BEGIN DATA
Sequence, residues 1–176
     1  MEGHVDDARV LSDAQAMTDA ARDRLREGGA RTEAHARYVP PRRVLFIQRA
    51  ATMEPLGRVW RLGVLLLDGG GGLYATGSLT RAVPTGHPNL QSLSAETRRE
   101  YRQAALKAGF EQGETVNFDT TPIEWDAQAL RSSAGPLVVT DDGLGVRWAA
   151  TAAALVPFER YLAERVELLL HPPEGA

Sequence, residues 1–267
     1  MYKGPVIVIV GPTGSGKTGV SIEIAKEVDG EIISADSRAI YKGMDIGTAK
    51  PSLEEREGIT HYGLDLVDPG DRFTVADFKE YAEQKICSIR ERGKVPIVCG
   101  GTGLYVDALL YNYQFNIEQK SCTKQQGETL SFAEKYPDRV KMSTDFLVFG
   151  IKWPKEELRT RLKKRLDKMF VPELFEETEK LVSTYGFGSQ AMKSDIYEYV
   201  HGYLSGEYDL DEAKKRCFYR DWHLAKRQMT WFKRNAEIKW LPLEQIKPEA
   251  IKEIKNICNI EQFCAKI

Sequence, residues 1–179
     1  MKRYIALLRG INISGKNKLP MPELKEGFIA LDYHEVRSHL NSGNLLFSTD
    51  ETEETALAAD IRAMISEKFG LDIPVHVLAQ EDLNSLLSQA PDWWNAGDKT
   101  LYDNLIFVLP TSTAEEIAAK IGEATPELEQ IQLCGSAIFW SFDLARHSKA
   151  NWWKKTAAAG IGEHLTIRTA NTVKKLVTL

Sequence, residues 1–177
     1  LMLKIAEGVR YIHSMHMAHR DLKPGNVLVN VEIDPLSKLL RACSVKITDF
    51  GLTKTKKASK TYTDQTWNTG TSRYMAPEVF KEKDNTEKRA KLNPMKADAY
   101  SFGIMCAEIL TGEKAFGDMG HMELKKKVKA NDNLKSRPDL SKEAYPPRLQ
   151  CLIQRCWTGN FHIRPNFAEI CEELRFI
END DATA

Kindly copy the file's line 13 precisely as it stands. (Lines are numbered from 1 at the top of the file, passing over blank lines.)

Sequence, residues 1–179